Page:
Didn’t get my boots on and out the door until after 10 am so no wonder I didn’t have such a big day. The sign said 3.5 hours but when you sit and stare at a river gorge for an hour or so, and generally muck about looking for whio/blue ducks, or kakariki/parakeets, the day can stretch out.
The Taipo is a beaut valley to wander down, you climb onto an occasional river terrace but is mostly just easy walking through the mature beech forest. Not much in the way of undergrowth other than moss for extensive sections, the valley wouldn’t receive much direct sunlight in winter. And no crown fern which is common in other parts of the South Island Beach forests, maybe the granite soils are too acidic.
Once I crossed the Taipo River on a loose swing bridge there was a brief climb and it all became much more recognisable as an historic benched packhorse track. Some extensive chiselling of the granite although in general the track has rather fallen into disrepair.
There is the remnants of an old hut, the Tabernacle, built by the surveyor of the road in 1898 as an A-frame shelter out local timber, now just rotting slabs in a heap, and a few rusty shovels and pics from the six summers 1893 to 1899 when work was done on building the narrow road to the West Coast. I guess a fair amount of dynamite was also used.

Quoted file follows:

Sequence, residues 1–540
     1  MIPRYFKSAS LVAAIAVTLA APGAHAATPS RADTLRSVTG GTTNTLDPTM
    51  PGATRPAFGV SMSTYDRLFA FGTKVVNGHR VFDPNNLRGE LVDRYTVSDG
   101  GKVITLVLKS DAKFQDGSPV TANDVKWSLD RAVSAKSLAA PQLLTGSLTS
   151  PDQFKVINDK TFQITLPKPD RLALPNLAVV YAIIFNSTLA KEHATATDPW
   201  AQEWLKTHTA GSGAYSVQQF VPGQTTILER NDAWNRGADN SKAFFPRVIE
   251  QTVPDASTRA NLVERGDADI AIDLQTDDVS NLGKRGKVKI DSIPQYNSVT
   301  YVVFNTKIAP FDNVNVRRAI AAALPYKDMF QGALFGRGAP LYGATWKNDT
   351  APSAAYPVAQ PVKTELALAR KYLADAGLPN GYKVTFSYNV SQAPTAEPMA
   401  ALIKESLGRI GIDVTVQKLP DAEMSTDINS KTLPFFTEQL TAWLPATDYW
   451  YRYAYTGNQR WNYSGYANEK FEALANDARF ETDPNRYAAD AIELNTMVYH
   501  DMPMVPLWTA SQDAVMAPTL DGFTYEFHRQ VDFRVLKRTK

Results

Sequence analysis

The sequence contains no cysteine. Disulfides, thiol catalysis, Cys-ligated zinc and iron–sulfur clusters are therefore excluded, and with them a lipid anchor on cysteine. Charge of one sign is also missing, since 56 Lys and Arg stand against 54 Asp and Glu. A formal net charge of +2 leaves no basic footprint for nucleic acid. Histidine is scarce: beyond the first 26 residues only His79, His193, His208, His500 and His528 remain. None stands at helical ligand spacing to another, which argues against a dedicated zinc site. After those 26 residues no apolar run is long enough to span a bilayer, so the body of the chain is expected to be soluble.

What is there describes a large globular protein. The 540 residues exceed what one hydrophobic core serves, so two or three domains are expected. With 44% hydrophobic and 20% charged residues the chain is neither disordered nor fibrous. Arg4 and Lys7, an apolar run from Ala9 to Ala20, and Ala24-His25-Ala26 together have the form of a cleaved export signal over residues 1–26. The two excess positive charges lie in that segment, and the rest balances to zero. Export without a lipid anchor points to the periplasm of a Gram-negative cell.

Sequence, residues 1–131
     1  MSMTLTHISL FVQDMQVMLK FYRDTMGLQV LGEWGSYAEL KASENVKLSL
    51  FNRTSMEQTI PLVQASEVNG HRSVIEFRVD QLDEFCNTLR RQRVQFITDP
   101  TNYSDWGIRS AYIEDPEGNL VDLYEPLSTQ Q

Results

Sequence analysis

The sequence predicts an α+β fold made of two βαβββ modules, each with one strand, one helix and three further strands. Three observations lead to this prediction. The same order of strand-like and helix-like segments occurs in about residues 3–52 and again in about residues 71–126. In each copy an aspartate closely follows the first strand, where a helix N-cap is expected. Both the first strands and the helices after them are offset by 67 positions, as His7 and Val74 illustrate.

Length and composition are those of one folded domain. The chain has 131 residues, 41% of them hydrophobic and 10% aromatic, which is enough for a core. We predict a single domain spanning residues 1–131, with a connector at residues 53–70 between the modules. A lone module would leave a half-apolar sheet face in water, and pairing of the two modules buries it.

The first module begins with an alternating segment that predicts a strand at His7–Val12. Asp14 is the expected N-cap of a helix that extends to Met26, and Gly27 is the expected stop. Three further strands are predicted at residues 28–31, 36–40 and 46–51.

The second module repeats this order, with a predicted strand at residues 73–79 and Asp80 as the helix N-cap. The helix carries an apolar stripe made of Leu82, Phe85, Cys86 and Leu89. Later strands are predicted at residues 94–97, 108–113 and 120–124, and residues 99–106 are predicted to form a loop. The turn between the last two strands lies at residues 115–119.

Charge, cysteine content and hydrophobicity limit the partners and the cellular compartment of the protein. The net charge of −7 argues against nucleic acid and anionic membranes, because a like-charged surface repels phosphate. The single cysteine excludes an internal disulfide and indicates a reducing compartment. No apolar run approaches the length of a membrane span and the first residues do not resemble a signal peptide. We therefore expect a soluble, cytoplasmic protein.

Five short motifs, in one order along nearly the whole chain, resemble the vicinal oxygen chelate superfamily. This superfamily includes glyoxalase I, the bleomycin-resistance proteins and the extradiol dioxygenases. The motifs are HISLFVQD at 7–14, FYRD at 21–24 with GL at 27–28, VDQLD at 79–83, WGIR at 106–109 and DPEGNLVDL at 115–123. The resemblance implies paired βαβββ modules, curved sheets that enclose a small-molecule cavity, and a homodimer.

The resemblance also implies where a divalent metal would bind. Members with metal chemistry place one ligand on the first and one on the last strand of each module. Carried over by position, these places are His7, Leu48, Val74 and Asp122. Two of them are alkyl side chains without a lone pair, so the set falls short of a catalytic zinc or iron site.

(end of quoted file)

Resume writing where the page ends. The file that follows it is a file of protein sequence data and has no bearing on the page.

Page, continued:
It’s sad this historic location is in such disrepair generally.
Taipo Hut has a tired feel, not helped by the most of the windows have polycarbonate, not glass, and have become opaque over the last 37 years. The benching and tables are mostly galvanised steel sheet, not stainless, which is looking, err, worn, if not rusty.
But enough of those complaints, it really was a beautiful walking day.
Now I’m thinking, as I’m currently on my lonesome, I’ll be having an early night tonight.